A couple of years ago, a new restaurant opened for business in town. For anyone traveling into St. George from Las Vegas or Zion National Park, it is hard to miss because it's situated on the ledge which overlooks the town. I began to hear chatter about it almost immediately:
"Go for dinner and ask for a table overlooking the city."
"Everything we ordered was fantastic."
As time went by, the praise for this place only intensified. I began to wonder how this new restaurant could possibly live up to its lofty reputation. Would it be like that hip movie everyone tells you to see so you do and return home disappointed?
Well, a few weeks ago, my spouse and I had a rare evening without the kids, and we decided to make reservations. The weather didn't cooperate which forced us inside, but everything else exceeded my expectations. The hostess gave us a choice of tables and our server provided an excellent recommendation of rockfish over quinoa and spinach.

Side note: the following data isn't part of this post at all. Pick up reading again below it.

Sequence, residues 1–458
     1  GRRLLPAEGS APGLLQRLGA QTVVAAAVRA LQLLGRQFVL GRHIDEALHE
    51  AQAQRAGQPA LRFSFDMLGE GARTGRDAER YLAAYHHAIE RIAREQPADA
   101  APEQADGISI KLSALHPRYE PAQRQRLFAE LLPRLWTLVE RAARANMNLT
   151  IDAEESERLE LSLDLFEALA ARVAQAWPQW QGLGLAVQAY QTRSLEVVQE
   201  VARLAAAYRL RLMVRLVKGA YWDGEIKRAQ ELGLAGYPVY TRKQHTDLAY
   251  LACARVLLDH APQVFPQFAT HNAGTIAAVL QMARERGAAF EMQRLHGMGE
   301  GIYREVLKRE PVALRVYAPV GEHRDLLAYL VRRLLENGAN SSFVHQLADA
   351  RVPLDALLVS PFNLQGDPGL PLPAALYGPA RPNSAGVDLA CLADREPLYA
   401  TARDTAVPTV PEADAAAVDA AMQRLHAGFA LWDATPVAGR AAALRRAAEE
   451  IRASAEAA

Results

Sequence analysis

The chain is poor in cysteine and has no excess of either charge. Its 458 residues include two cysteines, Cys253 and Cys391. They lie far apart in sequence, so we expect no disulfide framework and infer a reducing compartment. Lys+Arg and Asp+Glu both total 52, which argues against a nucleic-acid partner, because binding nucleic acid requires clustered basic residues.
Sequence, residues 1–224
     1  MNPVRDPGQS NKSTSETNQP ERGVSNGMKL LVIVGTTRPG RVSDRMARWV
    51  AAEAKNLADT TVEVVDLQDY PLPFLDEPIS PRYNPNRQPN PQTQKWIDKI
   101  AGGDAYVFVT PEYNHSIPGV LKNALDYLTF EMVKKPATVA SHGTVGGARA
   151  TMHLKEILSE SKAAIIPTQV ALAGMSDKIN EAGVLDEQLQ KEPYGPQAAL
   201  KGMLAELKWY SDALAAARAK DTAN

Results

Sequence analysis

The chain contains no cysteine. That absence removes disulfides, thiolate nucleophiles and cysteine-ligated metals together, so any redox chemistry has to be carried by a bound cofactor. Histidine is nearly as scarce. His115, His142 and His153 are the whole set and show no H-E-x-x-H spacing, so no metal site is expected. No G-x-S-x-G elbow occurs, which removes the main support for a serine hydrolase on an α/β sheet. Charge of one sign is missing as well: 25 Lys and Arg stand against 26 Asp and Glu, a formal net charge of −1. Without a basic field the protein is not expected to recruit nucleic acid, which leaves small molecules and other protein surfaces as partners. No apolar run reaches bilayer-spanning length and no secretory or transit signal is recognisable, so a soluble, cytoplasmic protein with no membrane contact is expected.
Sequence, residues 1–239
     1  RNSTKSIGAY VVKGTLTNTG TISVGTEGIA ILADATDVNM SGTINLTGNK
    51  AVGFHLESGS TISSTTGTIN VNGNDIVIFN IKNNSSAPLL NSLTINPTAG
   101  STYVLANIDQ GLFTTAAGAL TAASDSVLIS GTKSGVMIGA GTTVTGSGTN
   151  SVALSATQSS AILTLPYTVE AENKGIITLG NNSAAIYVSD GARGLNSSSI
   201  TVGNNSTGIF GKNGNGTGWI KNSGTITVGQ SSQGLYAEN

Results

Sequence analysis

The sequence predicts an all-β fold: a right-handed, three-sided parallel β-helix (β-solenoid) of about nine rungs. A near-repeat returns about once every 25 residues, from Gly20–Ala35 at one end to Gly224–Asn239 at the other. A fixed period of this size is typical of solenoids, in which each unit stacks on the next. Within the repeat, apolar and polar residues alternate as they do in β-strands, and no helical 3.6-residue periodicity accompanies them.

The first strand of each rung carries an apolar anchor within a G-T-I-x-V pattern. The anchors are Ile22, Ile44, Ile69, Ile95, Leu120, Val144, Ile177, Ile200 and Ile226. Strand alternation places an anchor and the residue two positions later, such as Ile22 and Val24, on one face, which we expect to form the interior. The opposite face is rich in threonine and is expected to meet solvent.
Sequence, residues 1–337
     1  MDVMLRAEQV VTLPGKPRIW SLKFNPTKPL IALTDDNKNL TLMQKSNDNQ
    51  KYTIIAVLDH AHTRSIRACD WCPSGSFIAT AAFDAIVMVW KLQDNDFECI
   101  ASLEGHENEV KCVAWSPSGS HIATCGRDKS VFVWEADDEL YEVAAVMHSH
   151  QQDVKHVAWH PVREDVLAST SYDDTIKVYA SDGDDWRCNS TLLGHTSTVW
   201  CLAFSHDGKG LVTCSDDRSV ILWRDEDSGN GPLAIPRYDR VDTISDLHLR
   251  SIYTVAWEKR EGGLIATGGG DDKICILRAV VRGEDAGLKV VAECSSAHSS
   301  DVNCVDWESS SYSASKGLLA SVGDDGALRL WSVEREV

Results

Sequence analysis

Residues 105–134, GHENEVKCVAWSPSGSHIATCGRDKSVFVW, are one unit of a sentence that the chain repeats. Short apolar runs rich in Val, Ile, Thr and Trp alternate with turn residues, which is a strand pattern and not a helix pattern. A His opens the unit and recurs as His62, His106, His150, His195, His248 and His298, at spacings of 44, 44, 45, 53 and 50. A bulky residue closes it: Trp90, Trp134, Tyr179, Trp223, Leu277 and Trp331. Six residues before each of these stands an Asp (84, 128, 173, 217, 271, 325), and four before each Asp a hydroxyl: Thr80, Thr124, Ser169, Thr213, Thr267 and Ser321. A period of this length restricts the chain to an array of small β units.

Everything about the evening was perfect. No wonder everyone raves about this place. The only detail I can recall about the cost of the meal is that the experience of it all was worth more than I paid.
Living up to already high expectations is rare. A few companies pull it off year after year to the point that it becomes part of their identity. Companies like Nordstrom, Zappos, and JetBlue come to mind.
Yet a number of smaller companies without massive marketing budgets have also succeeded in delivering on their reputation. I purchase my car batteries from Jerry and buy a lot of groceries from the tiny Ivins Market where everyone knows my name. I skip Great Clips and go see Jeff the barber who shuts down at noon on Friday to cut hair at the veteran's home in town. Each of these small businesses competes against much larger national brands and yet all have won my family's loyalty.
As I get older, I care more about the businesses I choose to patronize. Do they listen to my needs? Do they provide more than just the product or service they are offering? What story do their business practices tell? Do they stand for something?
In many ways, the answers to these questions are the reason I've worked for Puget Systems since 2011. And to be honest, I can't imagine working any place else.